Black Lives Matter:  The new social revolution is showing up-led by three feminists- and it is where we need to  see it.  In the gaps, empty promises and pain and injuries and undeniable realities exposed in Ferguson, and across the country in recent months.   Feminists have often led the charge for equity and justice in social reform from the 1920’s onward.  The Civil Rights Bill of 1964 was designed to have race and sex and country of origin not be a limitation to full equality and access to engagement and production in society.  What we see now is  the systematic politically and economically driven obstructions have denied the full application of civil rights through mass incarceration, poor schools, poor healthcare, no early education, racial profiling and a police and criminal justice system that is now being confronted.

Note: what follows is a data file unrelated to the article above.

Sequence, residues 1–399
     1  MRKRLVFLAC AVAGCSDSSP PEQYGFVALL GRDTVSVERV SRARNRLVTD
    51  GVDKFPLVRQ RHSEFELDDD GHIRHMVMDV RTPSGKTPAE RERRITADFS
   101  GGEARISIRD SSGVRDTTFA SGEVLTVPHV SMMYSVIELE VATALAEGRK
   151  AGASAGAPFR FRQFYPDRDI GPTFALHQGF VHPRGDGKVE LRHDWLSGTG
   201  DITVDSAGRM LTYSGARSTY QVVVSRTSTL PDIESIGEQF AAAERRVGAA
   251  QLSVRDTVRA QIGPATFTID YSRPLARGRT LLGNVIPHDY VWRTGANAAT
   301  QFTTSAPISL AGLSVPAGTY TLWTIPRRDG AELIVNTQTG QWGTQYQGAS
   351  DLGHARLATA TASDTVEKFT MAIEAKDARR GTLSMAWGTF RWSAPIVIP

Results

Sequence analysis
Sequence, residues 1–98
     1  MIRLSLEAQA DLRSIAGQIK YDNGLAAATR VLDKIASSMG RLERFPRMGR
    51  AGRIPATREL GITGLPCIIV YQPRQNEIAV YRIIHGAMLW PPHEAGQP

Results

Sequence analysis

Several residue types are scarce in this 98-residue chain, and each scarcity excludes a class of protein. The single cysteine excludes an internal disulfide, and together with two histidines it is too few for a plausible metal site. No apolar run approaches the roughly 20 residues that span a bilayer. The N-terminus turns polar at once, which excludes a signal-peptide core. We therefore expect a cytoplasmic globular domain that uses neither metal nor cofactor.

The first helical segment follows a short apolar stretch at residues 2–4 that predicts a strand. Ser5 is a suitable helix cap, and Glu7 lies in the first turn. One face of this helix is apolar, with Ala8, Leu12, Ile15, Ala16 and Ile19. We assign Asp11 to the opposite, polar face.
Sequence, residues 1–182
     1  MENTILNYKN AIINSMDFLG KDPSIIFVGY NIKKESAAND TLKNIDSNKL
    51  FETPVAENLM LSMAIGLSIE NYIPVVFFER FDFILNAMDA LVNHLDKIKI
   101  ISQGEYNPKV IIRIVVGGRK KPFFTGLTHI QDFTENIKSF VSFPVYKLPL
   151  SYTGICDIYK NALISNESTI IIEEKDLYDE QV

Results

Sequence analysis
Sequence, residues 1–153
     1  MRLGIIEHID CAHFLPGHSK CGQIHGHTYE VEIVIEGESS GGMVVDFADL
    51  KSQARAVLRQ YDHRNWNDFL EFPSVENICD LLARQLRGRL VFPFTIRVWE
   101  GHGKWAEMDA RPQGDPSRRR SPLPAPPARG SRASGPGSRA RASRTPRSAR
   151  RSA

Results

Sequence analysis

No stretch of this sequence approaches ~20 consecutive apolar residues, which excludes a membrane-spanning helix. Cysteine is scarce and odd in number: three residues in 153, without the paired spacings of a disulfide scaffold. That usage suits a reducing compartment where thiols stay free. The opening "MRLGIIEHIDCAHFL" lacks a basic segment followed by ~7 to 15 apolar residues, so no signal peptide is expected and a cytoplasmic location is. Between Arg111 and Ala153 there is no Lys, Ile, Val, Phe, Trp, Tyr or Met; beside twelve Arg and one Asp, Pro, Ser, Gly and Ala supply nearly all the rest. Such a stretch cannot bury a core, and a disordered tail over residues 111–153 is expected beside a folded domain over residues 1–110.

Senator Bernie Sanders now running for President has many decades of work for civil rights and human rights.  He says what is wrong with the country can not be changed, it must be transformed.  And that comes from social revolution. A break from the systemic conditions that fill prisons, result in early death and broken hearts is what is required, and that requires not just change but revision coming not from the decay of the missed efforts to civil rights, but a renewal of intention to end the conditions in place and build new opportunity and new hope.  Recently Bernie Sanders had a confrontation with the three feminists who formed Black Lives Matter at a Netroots Nation symposium.  Netroots Nation is highly progressive in their politics and have done a great deal for dismissing the media’s monopoly on how information is giving to the public.  The population has a mixed demography, but is predominantly white, male, college degreed and independent in their political views.  This particular event with Senator Sanders came about because he wanted to talk about the changes he wanted to see in the economic structure that rewards 1% of the population.  Black Lives Matter wanted to talk about life and death, and the death of Sandra Bland which had happened just days before.  Following Freddie Gray, following Michael Brown, and now Sandra Bland there was no room for politics, and Black Lives Matter made that point by interrupting some considered rudely the presentation by Bernie Sanders.  Since revolution is by definition unpredictable, designed to cause the effect that Black Lives Matter created on that stage with Bernie Sanders.  Since Black Lives Matter has indicated that they will not be in the pocket of either Republican or Democrat Presidential candidates.  Now is the time for the killing and imprisonment of young men and women of color to stop, they say.  Now is the time for the empty shell of civil rights to be recognized as having not attained its goal: the incorporation and inclusion of all people, regardless of color, sex or country of origin. Enough, they say.  Enough.